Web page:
By Britney Grover
Portraits by Ruby Tevis
Captain Lisa Rakes has always been interested in police work — and doing it from horseback makes it that much more rewarding. Born and raised in Kentucky, Lisa earned her bachelor’s degree in police administration with a minor in military science from Eastern Kentucky University, where she also served in the Kentucky National Guard.
She first began mounted policing in 1996 with the Lexington Mounted Police Unit, then based out of the Education Barn at the Kentucky Horse Park (KHP). After 24 years with Lexington Police Department, Lisa became the head of KHP’s Mounted Police Department in January 2013.
Lisa’s partner is Oliver, a 13-year-old, 16.1-hand Paint/Shire cross. Together, Lisa and Oliver lead the KHP Mounted Police, monitor KHP events from the regular Parade of Breeds to the Kentucky Three-Day Event, and are ambassadors for tourists visiting the Park. In 2019, Oliver was the BreyerFest Celebration Horse with his own model, honoring him and the work he does with Lisa to protect and educate the public about both horses and police work.
What makes horses so good for police work?
Horses look to us for leadership and protection, and are so forgiving to us when we place them in the face of danger. Whether riding along the roadway with large trucks and cement mixers, chasing a dangerous felon along slick roadways or having rocks and bottles thrown at them during a riot, they truly strive to please. Oliver says, “Horses can’t talk, but they can speak if you listen.”
What’s your favorite thing about working at the Kentucky Horse Park?
Policing on horseback is a doorway to our partnership with our tourists and the Horse Park community. I cannot imagine having a job that I love doing more or work that is more rewarding than being a mounted police officer. There is no better feeling than to let my horse meet people and get and give lots of hugs and kisses from folks, especially children.
How did you come to partner with Oliver?
Oliver fit the characteristics of a Mounted Police Horse, which are a draft or draft-cross breed that is big-boned and durable but athletic in build and possesses a kind disposition. Oliver came into the Mounted Police barn as a green-broke 5-year-old but eager to please, willing to work, brave and has not looked back since. I knew that Oliver was cut out for this job when his first call as a police horse was crowd control for the Kentucky Three-Day Event. He got in position on the cross-country course to keep spectators at bay, and all he wanted to do was eat grass! He was completely unfazed with the crowd, running horses or the atmosphere.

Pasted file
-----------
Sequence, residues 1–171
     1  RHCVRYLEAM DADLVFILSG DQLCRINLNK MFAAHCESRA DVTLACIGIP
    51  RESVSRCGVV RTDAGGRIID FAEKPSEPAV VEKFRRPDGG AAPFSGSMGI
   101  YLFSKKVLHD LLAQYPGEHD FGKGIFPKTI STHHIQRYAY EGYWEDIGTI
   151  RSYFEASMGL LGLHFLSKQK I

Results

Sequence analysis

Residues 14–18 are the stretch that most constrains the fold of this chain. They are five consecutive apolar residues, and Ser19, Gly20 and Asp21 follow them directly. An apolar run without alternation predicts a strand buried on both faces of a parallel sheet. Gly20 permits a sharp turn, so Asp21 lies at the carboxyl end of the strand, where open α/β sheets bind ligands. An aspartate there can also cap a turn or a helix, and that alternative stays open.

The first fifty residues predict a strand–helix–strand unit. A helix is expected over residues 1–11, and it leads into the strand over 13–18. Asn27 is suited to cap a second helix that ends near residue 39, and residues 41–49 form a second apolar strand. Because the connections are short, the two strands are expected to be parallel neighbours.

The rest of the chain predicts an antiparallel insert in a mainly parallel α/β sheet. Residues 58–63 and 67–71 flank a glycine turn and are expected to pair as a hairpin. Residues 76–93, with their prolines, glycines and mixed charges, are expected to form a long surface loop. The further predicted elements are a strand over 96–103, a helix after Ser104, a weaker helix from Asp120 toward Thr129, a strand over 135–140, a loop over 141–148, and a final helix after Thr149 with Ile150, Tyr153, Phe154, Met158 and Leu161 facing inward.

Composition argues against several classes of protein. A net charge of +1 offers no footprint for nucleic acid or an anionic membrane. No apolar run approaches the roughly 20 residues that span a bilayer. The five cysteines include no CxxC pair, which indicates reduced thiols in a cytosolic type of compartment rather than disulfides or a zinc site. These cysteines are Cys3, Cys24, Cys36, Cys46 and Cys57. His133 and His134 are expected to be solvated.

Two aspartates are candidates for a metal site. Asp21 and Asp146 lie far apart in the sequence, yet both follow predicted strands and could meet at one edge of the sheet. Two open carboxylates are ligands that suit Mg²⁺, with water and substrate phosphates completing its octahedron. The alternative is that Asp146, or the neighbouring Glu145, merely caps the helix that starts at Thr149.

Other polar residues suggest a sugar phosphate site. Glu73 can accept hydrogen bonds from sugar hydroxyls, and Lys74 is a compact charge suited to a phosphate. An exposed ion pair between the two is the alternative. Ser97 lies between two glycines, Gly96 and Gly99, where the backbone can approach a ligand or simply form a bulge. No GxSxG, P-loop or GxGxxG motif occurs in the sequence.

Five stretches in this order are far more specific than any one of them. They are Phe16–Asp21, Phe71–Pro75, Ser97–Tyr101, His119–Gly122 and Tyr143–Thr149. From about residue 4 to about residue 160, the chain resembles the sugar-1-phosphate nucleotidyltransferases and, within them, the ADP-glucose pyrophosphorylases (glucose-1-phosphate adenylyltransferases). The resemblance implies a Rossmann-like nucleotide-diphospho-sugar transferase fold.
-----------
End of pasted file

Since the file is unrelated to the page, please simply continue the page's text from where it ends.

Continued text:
What’s Oliver like?
Oliver makes a great partner for me because he is so forgiving and tries his hardest to please. He trusts me and checks in with me anytime he feels uncomfortable about a situation. He loves people, loves being the center of attention and is a great ambassador to the Kentucky Horse Park.
Oliver watches over the security of the Park, its visitors and horses. He is oftentimes the first horse our guests come into contact with. He has been instrumental in promoting the Park by providing demonstrations for school groups, participating in parades and other high-profile events. Oliver’s favorite part of the job would be his daily patrols around the Park when he gets to move around and meet new people.
How do you share important causes in your community, like education about horses, police work and safety?
Patrolling from horseback, KHP Mounted Police establish a dialogue with tourists and the horse community alike. This dialogue allows them to be goodwill ambassadors of the Kentucky Horse Park. Our officers provide tours of the stables, demonstrations for school groups or other audiences and participate in parades and other high-profile events.
At the Kentucky Horse Park, we hold an annual event called the National Mounted Police Colloquium. This year will be our 36th event. We have around 100 mounted police officers from all over the country come to the Kentucky Horse Park to train and compete. This event brings together people and horses from all around the country to learn new techniques, share ideas and train their amazing horses. It’s an opportunity to learn and sharpen their equitation, jumping, crowd control and sensory skills. We also offer a civilian portion to the course, including some of the same skills and sensory items but tailored to the civilian rider.
What are some of the biggest challenges you face in your job?
Budgets are a big challenge as money is tight in every department, but it’s a hard value to replace. We can use the horse as a way to start a conversation with a complete stranger and before you know it, the horse has created the open door for the best community policing available. No one walks up to an officer and asks to pet his cruiser. Most people see a police officer and avoid them. The horse is like a magnet. It attracts and invites folks in who want to relive the past, tell stories or just pet a horse.
What would you tell others who want to do good in their communities?
Have fun! Find something that you can volunteer or work in that is rewarding. For me, it was horses. Horses are the main reason that I love my job and enjoy coming to work — to see my co-workers, see my horses and try to make a difference in someone’s life.
Photos by Ruby Tevis